Red world

About 10,000 years ago, the first forms of organized life appeared. In the red world, strength, courage and strength are key values. In this world you must be strong and brave to win.

The red world is the world of farmers, warriors and leaders. The emergence of leaders who command not only hundreds, but thousands or tens of thousands of individuals.

Management in the red world is a chaotic system of government based on leader power, violence and fear. Only those who accept every decision made by the leader have a place in the group.

Amber world

At a later stage of development, there was a transition from the primacy of leadership to the concepts of state and civilization.

In the amber world, which fully arose around 4000 BC and survives in many places to the present day, huge states, civilizations, establishments and bureaucracies were created. One of the inventions of humanity in the amber world is democracy.

In this world, order, authority, hierarchy, structure, and the concrete division into good and evil are the key values.

The world of amber is the world of kings, philosophers, generals, priests and popes. Today, amber management can still be found in many places around the globe. They can be seen in offices, parties, state administration or churches.

Organizations based on this management can plan well in the medium and long term.

However, they’re less able to compete and implement changes quickly. They often have a firm, centralized, organizational structure in the form of a hierarchical pyramid.

Formal reporting runs from subordinates to superiors. There is a special reward and punishment system. Management is all about giving orders and controlling to attain the right results.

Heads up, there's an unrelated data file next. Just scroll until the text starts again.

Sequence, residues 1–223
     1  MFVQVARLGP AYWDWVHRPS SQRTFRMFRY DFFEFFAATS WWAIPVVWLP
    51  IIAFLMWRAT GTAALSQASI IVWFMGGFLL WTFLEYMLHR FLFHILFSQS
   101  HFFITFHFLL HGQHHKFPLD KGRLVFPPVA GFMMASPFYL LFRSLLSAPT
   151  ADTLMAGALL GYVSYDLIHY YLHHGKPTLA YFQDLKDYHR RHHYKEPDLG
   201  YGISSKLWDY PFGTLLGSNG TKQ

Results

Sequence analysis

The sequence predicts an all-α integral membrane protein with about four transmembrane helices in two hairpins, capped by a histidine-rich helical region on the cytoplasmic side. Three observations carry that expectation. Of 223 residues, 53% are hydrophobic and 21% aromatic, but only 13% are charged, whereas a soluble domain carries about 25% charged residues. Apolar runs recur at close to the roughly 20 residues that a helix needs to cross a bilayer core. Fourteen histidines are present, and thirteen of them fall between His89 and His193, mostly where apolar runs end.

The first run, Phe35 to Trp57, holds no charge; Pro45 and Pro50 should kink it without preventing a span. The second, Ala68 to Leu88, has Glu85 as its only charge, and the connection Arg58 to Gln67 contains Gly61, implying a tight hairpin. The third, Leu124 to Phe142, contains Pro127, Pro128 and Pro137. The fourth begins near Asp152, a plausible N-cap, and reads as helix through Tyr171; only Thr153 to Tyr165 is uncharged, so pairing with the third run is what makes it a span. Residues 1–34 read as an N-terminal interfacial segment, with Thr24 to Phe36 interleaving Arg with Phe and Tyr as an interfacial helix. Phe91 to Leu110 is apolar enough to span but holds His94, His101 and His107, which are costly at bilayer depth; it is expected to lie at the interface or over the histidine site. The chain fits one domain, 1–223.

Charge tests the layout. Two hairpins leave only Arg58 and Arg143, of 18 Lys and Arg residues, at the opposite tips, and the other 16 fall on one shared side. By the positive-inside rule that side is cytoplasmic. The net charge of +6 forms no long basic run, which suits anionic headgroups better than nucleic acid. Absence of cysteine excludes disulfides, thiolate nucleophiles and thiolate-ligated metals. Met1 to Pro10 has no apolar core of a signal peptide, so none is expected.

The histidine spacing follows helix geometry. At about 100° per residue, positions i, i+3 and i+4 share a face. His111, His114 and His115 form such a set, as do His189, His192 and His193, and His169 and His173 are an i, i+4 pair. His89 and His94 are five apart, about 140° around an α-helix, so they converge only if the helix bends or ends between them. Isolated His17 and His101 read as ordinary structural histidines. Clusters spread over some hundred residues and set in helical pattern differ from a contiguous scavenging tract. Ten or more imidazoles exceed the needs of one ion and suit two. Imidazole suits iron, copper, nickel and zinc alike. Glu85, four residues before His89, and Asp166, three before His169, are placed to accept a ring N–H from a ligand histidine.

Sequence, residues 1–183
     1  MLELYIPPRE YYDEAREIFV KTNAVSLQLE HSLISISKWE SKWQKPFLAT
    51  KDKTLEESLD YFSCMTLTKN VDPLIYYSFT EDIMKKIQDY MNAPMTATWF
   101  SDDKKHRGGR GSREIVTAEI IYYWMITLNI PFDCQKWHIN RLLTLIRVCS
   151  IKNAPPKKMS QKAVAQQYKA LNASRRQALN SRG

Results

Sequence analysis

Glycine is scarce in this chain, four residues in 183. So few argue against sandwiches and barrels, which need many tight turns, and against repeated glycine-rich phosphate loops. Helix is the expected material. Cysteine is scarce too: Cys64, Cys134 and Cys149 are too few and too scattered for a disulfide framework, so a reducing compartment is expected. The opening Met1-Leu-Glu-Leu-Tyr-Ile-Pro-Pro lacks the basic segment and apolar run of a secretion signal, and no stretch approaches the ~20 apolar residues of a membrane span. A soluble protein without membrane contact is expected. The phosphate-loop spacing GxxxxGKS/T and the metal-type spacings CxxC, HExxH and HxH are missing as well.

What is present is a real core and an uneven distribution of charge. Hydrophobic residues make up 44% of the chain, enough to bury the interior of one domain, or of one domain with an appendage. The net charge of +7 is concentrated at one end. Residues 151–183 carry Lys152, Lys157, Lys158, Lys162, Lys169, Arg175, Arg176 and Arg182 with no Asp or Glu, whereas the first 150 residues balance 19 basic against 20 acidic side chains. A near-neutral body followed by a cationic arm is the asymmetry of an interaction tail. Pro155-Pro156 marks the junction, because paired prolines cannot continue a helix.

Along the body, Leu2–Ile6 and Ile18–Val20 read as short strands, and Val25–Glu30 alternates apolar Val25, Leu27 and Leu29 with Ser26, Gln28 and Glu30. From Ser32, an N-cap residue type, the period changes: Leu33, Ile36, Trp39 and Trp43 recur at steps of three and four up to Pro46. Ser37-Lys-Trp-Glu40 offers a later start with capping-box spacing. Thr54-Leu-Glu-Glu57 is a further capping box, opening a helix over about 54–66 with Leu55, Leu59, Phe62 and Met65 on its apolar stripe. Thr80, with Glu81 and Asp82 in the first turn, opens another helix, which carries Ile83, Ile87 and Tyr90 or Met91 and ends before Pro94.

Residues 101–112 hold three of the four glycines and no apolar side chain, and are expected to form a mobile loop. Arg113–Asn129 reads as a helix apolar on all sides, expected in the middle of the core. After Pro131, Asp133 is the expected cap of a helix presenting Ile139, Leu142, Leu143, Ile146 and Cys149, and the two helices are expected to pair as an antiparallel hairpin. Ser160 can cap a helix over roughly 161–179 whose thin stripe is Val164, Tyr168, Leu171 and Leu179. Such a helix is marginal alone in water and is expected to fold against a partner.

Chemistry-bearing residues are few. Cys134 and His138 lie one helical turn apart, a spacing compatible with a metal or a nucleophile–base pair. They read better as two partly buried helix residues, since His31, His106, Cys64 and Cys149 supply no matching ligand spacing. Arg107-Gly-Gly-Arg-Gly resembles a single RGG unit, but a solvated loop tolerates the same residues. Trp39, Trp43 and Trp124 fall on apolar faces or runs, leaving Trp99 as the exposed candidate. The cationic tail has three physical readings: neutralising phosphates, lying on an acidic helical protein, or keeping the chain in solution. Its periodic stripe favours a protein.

Orange world

The worldview at this stage is very materialistic. Only what can be seen and touched is real.

The orange world started to appear about 200 years ago and this period continues to this day. The main values ​​of this world are independence, competition, purpose and success.

The invention of the steam engine, mechanization and electrification contributed to the development of the orange world.

The Orange World is the age of scientists, engineers, marketers, salespeople, entrepreneurs and presidents. The time of companies, research, development, but also materialism, colonization and globalization.

Organizations dominated by orange management can compete effectively and eliminate competition in diverse ways.

An organization acts like a machine where people are a “resource” and their value is measured by their usefulness to the organization.

In today’s world, many global companies still depend on orange management in their organizational culture. In this model, leadership is more results oriented than people.

Green world

The obsession with materialism, social inequality, loss of community spirit caused a green world to emerge.

It is much more sensitive to human emotions and feelings. In a green world, the most significant values ​​are equality, ideas, community, sharing and cooperation.

For people and organizations working from this perspective, human relations are more important than results.

Green organizations use modern tools for team building, training, coaching, integration and doing things together.

All this to attain a common inspiring goal. Hierarchies are flattened, sidelined, and replaced by cooperation, co-creation, and self-organization.